scuba me sam

On my second dive, I was able to let go of my instructor’s arm and swim next to him. Swimming on the reef was incredible, and gave me the chance to meet not only a manta ray whose home was under one particular well-known rock, but also shoal upon shoal of fish of every size and shade and A SEA TURTLE. Embellishment of how brilliant this day was isn’t particularly necessary; incredible.

My only regret in relation to the scuba dive is that I did not have a GoPro with me to replicate some of the AMAZING photos that other people managed to snap – I’m talking Nemo in his anemone and casual sea turtle selfies. Thankfully, I’ve got my Hero 4 Black edition already stowed away in my suitcase for my NZ trip…

The remainder of our stay in Cairns was punctuated by a pretty heavy bar crawl around Cairn’s nightlife, starting in Gilligan’s, and ending in the Woolshed. Unfortunately, although not yet seriously tanked, my venture into the second venue was cut short. My advice to you on bar crawls: don’t walk around with the rest of your drink from the last bar – it’s probably illegal to drink alcohol on the street in the UK, but Australia actually appear to enforce it. Don’t be the weepy drunk trying to negotiate with the fat bouncer. You won’t win.

So far on my trip, apart from the day that followed the Full Moon Party, I had been taking pride in the dwindling severity of my hangovers. This honeymoon period that my liver and my cider seemed to be experiencing came to an abrupt end when I had to drag myself out of bed to go White Water Rafting at 6am, my last drink a mere three hours previous. Let’s just say that approaching the breakfast buffet was a bold move, and one that was quickly followed by another move to the bathroom.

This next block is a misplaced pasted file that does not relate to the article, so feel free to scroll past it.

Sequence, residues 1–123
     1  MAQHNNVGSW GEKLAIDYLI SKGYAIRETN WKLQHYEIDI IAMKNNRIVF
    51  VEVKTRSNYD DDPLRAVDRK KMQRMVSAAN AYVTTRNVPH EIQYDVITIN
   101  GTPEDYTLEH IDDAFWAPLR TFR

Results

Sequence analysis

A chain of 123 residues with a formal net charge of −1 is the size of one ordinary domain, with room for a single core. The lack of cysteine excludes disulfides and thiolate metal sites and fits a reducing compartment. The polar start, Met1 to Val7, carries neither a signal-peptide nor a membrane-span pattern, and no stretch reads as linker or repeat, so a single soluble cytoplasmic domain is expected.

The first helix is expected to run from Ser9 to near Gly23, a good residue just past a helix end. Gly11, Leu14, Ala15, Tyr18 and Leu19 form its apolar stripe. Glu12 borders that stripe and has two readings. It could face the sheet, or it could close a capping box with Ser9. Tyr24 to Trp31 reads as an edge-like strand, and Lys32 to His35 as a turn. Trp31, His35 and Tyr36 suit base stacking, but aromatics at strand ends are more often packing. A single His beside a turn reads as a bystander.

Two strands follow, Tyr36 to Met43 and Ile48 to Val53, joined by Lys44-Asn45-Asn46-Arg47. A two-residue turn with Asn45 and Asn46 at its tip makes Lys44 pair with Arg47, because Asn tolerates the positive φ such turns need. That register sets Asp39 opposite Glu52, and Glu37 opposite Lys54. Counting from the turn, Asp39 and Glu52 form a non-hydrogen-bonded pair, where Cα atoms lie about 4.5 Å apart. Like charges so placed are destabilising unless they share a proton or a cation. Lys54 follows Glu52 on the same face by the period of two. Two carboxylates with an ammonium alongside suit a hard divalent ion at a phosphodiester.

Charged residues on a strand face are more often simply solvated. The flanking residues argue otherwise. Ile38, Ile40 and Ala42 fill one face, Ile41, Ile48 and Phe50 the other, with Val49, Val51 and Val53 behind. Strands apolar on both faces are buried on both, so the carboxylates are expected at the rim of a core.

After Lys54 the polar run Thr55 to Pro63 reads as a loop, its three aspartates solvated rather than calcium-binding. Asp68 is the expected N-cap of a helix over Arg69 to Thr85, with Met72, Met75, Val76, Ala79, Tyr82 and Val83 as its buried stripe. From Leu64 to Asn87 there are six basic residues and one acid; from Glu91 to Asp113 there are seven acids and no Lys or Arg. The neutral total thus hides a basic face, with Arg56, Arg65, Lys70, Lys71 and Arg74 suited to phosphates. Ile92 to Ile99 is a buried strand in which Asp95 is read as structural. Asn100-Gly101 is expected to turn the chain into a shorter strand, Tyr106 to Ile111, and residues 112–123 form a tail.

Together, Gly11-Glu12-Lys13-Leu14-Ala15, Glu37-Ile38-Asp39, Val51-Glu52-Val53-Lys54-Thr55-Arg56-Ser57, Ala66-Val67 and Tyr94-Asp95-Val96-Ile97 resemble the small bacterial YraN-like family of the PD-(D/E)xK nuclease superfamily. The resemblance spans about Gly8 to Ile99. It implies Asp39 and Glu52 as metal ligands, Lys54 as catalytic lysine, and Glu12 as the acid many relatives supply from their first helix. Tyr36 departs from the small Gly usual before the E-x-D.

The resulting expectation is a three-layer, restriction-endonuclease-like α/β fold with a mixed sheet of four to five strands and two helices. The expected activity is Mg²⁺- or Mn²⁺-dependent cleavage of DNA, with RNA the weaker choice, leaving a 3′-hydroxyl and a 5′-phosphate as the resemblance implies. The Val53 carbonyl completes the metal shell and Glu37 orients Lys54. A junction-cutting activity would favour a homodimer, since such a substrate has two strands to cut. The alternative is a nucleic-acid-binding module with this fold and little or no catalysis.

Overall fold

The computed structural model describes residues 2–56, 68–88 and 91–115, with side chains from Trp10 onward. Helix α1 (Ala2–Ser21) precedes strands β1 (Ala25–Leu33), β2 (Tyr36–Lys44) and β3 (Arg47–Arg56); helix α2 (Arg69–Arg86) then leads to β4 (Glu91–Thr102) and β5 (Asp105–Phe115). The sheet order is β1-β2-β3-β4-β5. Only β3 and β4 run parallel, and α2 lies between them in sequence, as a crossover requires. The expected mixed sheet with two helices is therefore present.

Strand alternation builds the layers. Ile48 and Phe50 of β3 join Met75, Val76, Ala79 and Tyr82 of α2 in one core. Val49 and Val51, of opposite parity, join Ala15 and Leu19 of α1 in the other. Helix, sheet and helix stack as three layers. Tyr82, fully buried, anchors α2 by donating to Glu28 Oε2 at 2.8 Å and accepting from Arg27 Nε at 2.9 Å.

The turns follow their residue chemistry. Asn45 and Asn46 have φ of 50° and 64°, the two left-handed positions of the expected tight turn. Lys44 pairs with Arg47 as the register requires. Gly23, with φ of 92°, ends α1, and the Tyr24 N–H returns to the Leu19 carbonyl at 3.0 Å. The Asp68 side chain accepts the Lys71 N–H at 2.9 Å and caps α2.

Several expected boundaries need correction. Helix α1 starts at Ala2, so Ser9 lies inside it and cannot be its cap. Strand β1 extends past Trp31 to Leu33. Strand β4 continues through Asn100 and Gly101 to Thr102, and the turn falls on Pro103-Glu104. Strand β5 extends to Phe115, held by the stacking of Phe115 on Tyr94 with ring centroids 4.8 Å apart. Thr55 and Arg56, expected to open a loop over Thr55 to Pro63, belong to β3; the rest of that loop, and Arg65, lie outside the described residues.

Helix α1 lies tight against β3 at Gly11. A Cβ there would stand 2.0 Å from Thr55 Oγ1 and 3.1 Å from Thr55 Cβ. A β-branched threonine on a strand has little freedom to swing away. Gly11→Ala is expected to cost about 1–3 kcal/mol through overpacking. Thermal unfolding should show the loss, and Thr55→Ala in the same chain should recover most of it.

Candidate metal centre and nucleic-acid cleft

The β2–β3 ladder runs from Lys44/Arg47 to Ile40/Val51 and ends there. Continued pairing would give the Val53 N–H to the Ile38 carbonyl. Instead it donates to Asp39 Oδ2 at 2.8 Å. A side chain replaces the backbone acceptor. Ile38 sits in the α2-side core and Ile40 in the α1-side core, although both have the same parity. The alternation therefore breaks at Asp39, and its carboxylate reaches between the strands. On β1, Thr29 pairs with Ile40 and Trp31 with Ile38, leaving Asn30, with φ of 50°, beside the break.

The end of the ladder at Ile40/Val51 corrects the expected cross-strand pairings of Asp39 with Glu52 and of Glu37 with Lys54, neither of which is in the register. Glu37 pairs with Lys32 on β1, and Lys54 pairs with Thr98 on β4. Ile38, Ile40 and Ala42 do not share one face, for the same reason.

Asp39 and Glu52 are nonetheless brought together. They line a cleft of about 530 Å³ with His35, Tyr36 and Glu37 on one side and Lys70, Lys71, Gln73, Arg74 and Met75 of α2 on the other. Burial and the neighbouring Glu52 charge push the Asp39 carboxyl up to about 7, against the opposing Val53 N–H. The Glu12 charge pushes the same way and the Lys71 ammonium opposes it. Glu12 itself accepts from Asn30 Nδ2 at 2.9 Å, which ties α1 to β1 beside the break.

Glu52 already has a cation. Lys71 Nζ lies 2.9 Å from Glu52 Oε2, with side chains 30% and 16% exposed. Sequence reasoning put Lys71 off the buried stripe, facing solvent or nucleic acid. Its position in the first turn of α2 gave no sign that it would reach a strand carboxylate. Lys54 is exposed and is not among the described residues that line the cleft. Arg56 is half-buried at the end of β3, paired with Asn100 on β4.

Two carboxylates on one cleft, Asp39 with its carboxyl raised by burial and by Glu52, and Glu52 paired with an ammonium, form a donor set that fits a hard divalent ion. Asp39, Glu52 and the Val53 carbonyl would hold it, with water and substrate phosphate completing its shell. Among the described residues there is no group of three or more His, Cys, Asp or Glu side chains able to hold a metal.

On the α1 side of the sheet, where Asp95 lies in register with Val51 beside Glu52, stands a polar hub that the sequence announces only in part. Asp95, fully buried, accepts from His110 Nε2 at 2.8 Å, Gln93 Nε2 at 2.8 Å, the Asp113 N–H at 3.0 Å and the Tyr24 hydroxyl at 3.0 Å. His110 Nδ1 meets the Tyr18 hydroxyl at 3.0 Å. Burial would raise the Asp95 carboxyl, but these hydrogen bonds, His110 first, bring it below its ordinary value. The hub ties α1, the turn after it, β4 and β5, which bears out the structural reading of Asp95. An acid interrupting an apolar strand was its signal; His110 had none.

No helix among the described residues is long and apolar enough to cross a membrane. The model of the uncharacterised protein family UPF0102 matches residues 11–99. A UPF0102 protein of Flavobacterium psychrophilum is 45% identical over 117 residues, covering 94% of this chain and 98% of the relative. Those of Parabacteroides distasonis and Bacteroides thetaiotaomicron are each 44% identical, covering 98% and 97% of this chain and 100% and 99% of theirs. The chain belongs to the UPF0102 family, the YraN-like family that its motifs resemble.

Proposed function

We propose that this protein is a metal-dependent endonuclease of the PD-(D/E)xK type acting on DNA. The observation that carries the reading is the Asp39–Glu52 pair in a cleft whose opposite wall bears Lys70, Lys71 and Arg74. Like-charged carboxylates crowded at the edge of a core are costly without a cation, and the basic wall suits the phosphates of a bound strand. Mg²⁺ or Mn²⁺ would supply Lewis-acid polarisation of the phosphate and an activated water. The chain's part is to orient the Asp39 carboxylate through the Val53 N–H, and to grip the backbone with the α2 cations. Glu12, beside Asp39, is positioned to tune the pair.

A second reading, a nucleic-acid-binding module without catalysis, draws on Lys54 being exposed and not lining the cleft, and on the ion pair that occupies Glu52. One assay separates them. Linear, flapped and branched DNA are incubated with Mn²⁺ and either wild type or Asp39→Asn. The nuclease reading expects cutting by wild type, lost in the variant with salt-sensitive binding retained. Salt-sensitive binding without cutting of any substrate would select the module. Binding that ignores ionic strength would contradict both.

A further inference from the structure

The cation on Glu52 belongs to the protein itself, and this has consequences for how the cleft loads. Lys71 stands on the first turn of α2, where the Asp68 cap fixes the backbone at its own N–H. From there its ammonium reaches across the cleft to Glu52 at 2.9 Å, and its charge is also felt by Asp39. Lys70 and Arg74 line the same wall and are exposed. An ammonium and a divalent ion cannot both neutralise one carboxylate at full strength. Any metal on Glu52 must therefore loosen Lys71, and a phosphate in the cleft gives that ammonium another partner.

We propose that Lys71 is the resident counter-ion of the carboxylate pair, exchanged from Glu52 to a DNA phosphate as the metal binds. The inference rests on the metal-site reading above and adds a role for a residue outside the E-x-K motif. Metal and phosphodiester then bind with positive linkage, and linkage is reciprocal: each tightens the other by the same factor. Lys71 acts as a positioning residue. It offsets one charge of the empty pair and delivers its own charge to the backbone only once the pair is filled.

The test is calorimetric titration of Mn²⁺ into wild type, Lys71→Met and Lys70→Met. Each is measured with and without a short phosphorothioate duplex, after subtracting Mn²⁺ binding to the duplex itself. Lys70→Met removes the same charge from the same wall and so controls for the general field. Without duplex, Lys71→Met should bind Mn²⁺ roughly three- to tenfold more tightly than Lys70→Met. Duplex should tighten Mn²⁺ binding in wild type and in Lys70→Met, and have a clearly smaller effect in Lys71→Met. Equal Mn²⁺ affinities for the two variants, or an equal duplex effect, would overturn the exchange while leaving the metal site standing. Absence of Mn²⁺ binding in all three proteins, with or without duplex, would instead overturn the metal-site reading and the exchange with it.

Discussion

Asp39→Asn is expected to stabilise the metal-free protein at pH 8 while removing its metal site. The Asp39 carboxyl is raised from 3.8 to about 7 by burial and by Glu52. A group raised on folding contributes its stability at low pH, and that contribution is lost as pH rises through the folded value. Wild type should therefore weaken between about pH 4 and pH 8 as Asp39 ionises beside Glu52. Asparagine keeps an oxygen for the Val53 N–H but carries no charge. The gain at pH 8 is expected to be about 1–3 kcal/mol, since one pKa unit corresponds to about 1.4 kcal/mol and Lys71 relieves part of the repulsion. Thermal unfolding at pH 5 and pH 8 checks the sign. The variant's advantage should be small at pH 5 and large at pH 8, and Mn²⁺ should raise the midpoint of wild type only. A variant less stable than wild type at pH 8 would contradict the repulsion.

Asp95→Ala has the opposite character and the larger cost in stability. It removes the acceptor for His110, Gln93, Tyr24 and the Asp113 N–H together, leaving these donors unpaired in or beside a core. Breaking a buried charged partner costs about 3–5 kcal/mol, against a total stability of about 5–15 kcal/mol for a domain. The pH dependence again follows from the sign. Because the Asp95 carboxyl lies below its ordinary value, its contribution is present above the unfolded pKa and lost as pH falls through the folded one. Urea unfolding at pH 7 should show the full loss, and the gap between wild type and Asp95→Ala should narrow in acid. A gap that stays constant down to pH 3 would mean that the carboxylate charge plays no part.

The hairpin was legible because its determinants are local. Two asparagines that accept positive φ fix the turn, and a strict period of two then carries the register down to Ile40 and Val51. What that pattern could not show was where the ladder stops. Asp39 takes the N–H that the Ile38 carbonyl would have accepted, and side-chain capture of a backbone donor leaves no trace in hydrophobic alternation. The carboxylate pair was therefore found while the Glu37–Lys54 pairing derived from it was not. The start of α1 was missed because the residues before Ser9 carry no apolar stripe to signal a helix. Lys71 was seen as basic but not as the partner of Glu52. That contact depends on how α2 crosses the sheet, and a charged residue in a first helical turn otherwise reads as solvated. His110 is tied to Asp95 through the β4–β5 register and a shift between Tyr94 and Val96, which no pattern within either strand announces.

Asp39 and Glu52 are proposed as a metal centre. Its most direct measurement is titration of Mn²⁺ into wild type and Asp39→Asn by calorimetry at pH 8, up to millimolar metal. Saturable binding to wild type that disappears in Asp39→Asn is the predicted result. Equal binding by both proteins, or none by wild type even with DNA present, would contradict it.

raging thunder tully

Thankfully, the river Tully, our destination for the days activities, was a two hour drive from our hotel. By the time I was donning my helmet and lifejacket at the Raging Thunder centre, I felt 100 x better, although perhaps not quite sober enough to be operating a large paddle on a raging river… There was only one way to find out. We were on the river for a good few hours, stopping for a makeshift barbecue and brew on the banks of the river. Our instructor was a chatty Argentinian on a working visa. He was positioned at the back of the boat, while 6 of writhed around infront of him. It’s a pretty physically challenging activity, and in parts, really not for the faint hearted, but the day was fantastic and a favourite for many. Bobbing down the less tumultuous parts of the river just in our life jackets was great fun, as was a particular rapid that our instructor informed us we were going to purposely capsize the boat. The fear in the inflatable was palpable, but it was hilarious, and obviously something he had done with groups a million times before.

white water raft group

The East Coast: Beeches and Reefs section of the tour ended here, and our group dwindled from 47 to around 20. Dinner and goodbye drinks in The Woolshed quickly transformed into dancing on tables in The Woolshed. Either way, a fitting end to one of the best two weeks I’ve had in a long time.